Right around two weeks ago we got nuked with 16" of snow. It was a big dump of snow in a short amount of time. I tried to stay on top of packing as it was falling, at least the inner trails but after 10 hours had to stop and go to bed. Took 12 days to finally get caught up to where I wanted things to be even though the singletrack classic just couldn't pack out anymore. The trees and anything that could hold snow was beautifully flocked with a blanket of white. We went from people saying "Are your trails open yet" (even after they had been opened for 10 weeks) to "I bet you are busy and have a ton of business". The snow compliments the existing reservations but really doesn't bring any new business. If anything, we lose a little business from people not wanting to venture out on the roads and actually had a few cancellations which seems crazy. Also from a business perspective, it costs a lot more money to manage the snow in particular grooming when this much falls at once. When I first met Doug Edgerton, the guru at West Yellowstone track systems and groomer of the Rendezvous trail system in West Yellowstone, he said an ideal scenario is to have a good shot of snow early to build a base and subsequent snowfalls to to freshen things up. It only took a year or two to realize this and 23 years later, still feel the same. When we were living out west, we never had good track skiing but loved the deep powder for burning turns in the backcountry. I thrive on grooming low snow conditions and having good skiing when people don't expect it. Interesting enough, and contrary to what most people think, there are a lot more injuries that occur during "good" snow vs "bad" snow. With all that said, in weather you don't pick and choose and you can't wait for what you want and instead make the most of what you got!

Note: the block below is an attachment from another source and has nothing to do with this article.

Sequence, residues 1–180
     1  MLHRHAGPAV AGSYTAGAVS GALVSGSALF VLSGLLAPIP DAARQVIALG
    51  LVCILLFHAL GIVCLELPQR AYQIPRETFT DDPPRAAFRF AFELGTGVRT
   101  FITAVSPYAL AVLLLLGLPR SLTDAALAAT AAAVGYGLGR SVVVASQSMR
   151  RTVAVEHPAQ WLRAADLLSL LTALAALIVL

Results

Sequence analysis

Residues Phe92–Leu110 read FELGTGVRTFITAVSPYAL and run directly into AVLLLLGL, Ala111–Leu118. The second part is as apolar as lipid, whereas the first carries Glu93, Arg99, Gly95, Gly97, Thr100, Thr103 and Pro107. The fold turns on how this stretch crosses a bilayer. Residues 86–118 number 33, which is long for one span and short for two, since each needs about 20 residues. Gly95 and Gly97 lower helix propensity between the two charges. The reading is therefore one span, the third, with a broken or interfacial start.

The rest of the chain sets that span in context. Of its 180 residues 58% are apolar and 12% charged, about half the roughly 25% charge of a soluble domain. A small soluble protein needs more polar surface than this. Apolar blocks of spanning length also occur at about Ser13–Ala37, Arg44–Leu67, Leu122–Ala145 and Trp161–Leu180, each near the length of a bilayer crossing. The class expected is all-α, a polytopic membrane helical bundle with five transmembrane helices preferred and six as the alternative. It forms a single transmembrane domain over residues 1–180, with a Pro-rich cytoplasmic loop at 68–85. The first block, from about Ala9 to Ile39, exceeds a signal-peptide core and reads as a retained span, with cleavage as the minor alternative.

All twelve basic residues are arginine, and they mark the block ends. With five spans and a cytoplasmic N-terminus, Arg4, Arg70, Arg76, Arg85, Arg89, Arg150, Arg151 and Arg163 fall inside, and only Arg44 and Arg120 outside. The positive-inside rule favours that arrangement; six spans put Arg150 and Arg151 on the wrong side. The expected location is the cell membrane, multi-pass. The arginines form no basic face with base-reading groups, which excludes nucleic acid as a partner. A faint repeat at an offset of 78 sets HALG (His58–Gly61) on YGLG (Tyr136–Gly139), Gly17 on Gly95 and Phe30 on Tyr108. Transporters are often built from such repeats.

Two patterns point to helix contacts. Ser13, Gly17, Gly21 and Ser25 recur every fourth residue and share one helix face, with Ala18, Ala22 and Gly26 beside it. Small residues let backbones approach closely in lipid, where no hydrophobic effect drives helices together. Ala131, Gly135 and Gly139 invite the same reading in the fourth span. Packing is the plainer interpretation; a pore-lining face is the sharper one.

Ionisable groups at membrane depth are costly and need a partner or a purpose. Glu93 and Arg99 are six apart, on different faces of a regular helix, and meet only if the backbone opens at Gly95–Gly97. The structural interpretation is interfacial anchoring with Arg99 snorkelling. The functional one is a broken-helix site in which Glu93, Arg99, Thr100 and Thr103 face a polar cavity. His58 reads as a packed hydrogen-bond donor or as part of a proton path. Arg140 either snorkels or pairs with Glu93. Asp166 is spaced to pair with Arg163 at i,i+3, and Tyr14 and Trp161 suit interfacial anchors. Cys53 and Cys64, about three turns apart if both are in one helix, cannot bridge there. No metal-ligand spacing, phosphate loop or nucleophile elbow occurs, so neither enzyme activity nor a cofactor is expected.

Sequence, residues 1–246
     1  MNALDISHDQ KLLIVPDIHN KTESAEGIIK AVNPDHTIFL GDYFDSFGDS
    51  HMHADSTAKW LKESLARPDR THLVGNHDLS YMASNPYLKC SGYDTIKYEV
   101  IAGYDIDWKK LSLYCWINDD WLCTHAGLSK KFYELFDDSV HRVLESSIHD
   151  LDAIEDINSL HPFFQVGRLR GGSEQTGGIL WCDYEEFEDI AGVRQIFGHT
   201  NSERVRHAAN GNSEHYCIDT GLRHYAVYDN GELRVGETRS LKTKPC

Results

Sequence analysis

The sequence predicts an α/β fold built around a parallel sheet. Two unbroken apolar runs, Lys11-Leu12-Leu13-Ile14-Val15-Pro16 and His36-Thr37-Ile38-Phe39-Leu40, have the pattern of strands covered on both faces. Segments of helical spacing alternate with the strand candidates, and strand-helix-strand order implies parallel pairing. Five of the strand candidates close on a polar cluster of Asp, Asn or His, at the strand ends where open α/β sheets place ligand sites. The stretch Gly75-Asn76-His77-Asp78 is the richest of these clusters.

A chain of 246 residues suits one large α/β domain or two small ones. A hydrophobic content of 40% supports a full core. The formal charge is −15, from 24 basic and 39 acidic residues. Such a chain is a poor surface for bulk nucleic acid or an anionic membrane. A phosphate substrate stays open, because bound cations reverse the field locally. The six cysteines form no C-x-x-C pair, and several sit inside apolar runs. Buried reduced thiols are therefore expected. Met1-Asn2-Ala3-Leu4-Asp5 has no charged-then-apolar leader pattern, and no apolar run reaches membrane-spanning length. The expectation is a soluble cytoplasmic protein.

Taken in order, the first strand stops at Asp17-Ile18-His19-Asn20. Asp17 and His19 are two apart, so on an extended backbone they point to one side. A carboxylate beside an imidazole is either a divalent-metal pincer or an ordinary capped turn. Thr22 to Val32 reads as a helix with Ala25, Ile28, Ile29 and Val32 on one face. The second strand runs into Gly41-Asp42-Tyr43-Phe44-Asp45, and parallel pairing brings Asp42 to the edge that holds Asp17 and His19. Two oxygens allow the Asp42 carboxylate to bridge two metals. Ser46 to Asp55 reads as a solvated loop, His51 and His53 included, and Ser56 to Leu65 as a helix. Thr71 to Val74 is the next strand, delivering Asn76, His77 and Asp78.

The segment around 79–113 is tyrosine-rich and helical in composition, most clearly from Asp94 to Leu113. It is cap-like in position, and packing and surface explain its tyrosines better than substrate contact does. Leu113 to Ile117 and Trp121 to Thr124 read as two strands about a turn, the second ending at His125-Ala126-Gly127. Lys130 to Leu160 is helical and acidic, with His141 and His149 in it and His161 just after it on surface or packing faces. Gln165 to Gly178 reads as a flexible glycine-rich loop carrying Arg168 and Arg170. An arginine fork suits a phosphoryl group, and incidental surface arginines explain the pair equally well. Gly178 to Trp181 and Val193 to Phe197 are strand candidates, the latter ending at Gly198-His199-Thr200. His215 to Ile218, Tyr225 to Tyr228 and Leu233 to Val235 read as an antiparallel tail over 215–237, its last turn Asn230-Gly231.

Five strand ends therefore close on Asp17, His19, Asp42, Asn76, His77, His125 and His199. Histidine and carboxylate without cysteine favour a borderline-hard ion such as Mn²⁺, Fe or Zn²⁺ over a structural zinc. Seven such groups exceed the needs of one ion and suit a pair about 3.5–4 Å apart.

Grooming between Twin Lake I knew it was going to be dicey and I missed the trail and was done. First time ever on the snowmobile I had to have someone come help me get out. Lee has helped a few days and caught him to help lift the sled out that was wedged on a deadfall and bullrush clump.
The third pass on Roy's Run I tried to go wide and got launched the other way. Just was happy to walk away in one piece.
Last weekend Jake was as close as he would be for the racing season racing on the big hills of Mt Itasca. Sunday Jon and I went over to watch the 20km skate race. 4 laps of a brutal 5 km course. Jake scored a nice top 20 finish and points for the team.
Talking to skiers after the race, they all agreed it was the hardest race of the season so far.